Secret Audit: “Mountains of Violations” in Oregon Daycares, Only $325 in Fines
A secret audit revealed day-care horror stories, no action by the Office of Child Care alongside mounting issues at the state agency. Despite hiring two new personnel, the agency has failed to conduct 17 of 25 recommended audits. When will State Government ensure our children are kept safe?
Oregon hires $200-an-hour PR firm for childcare regulator
By Brad Schmidt / The Oregonian/OregonLive
Oregon education officials hired a $200-an-hour public relations firm in Washington, D.C., to craft “persuasive messages” for the state’s childcare regulator in response to reporting by The Oregonian/OregonLive on how the agency handles problem facilities.
Springboard Partners will be paid up to $9,900 to develop a communications plan, edit state documents and write talking points for employees through the end of December.
Officials for Oregon’s Early Learning Division say outside help is needed because an in-house public relations position has been eliminated due to budget cuts. The agency received multiple media inquiries this year but called particular attention to a reporter at The Oregonian/OregonLive who is “making repeated requests for information” and is “routinely seeking public comment” about gaps in the state’s system to protect children.
Hiring a public relations firm is not unusual for a government agency, particularly those seeking help with crisis communications or rebranding. During fallout from Portland Public Schools’ lead scandal, for instance, the district hired a local consultant for $225 an hour. The Department of Environmental Quality spent $275 an hour dealing with fallout from Portland’s toxic air crisis.
But the state’s decision does offer insight into the new direction set by Miriam Calderon, whom Gov. Kate Brown tapped this summer to oversee Oregon’s Early Learning Division, which includes the Office of Child Care.
Concerned about public appearances, Calderon’s agency sought counsel from a company she’s personally endorsed in the past, and state officials signed a contract Sept. 13 that didn’t require competitive proposals.
State officials hand-picked the new firm by keeping the contract $100 below the $10,000 threshold requiring an agency to seek competitive bids from at least three companies.
Calderon is a big fan of Springboard Partners.
“The Springboard difference is that they aren’t just communication consultants – they get politics and policy,” Calderon is quoted as saying on Springboard Partners’ website. “The result is advice advocates and policymakers will actually use.”
Oregon’s Office of Child Care is responsible for regulating upwards of 4,000 day care businesses that watch over more than 100,000 kids.
The normally obscure state agency has come under increasing scrutiny this year because of reporting by The Oregonian/OregonLive, including a story in May about children who were sickened after being exposed to a powerful insecticide at a Coos Bay day care.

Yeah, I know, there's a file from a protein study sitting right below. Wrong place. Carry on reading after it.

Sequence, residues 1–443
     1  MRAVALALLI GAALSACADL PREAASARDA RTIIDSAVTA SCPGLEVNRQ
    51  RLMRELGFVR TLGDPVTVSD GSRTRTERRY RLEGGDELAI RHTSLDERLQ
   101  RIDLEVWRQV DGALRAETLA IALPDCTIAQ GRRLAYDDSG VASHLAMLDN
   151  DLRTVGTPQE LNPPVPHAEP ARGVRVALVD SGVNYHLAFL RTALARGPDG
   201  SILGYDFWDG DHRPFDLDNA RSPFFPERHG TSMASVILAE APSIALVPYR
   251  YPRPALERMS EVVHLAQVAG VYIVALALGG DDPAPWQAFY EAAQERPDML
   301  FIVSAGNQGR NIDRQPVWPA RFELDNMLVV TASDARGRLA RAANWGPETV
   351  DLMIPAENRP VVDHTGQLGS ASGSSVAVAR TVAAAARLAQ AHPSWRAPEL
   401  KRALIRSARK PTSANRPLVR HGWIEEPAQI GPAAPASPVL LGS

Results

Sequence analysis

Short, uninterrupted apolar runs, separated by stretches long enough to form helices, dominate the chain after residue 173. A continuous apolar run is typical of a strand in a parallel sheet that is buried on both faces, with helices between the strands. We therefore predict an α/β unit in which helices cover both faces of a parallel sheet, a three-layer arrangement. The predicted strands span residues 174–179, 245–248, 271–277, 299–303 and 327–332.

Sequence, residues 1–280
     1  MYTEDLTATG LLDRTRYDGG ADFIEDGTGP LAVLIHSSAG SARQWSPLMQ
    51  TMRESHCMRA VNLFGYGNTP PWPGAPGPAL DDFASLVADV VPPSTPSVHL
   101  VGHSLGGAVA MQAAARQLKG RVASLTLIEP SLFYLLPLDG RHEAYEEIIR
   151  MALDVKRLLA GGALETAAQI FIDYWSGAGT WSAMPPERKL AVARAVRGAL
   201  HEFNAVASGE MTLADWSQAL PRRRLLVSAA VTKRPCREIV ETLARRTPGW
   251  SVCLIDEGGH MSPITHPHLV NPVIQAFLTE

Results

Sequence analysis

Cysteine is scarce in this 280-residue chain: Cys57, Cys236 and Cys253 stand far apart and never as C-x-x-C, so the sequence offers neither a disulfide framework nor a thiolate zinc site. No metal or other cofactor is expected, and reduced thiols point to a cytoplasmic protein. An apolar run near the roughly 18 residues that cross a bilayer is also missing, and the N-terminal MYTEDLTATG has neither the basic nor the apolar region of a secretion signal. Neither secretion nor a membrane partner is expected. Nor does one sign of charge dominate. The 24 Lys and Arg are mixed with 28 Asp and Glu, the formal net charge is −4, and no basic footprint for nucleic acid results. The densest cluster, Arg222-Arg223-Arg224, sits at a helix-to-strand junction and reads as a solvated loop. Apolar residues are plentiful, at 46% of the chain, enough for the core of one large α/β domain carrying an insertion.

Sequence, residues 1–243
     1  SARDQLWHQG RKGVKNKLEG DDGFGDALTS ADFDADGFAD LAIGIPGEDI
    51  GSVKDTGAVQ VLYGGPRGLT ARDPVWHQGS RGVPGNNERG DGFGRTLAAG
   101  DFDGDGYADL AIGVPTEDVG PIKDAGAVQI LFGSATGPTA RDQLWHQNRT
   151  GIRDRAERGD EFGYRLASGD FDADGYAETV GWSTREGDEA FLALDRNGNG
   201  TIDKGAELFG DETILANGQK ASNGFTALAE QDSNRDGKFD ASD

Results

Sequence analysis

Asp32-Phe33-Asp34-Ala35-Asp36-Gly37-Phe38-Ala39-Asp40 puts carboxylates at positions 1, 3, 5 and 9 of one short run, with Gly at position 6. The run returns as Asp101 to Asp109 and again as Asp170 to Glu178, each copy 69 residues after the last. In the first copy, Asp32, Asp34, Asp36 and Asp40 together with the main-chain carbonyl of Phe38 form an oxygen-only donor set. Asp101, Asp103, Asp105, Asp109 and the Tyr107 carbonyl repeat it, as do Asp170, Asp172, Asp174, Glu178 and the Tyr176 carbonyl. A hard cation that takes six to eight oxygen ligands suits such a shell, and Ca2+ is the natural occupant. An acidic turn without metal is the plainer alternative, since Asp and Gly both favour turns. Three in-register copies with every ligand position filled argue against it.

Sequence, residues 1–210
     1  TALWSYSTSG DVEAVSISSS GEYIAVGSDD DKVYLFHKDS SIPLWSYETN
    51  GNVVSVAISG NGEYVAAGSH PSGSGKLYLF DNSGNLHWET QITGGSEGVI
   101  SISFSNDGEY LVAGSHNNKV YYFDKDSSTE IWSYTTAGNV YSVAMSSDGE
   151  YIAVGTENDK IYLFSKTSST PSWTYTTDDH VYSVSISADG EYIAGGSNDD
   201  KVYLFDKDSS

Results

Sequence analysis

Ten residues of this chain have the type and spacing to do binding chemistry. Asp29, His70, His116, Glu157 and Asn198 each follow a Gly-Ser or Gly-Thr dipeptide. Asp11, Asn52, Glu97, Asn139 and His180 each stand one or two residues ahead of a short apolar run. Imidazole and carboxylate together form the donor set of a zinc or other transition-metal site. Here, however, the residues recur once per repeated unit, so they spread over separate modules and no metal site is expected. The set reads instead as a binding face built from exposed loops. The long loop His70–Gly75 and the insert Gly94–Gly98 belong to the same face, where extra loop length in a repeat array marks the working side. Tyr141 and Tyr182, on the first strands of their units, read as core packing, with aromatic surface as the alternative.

The Oregonian/OregonLive in June published a story examining how a Keizer day care amassed more than 100 health and safety violations over a decade before regulators shut it down.
The Oregonian/OregonLive also unearthed an internal audit from January 2016 and highlighted its findings. The state report warned that Oregon’s oversight system for day cares “functions outside the zone of safe operations” and poses an “elevated risk for major incidents of child harm.”
In their contract with Springboard, state officials said they received multiple requests for information from media and stakeholders once the newsroom wrote about the year-old audit.
Springboard’s communications plan by itself will cost up to $7,000. The plan will recommend a “core message” the agency can use to consistently address issues raised by the state’s audit. The plan is supposed to also include specific persuasive messages that can be used with the news media and key stakeholders.
In addition, the firm will be paid up to $2,900 to develop media materials, talking points and edit or review childcare documents to ensure consistency with the core message. Springboard is also supposed to assist in responses given to reporters.
Since the contract went into effect, The Oregonian/OregonLive has written about a loophole in state rules allowing a marijuana entrepreneur to own a day care inside his personal home. Last week, the news organization spotlighted the state’s decision not to require day cares to test drinking water for lead.
It’s not immediately clear how closely state officials have worked with Springboard.
Calderon said she was unavailable to be interviewed Tuesday or Wednesday morning. Dawn Woods, the state’s childcare director, declined to comment on Springboard’s involvement.
And Ed Walz, the Springboard partner who is planning how the agency will communicate with the public, did not respond to requests for comment.
— Brad Schmidt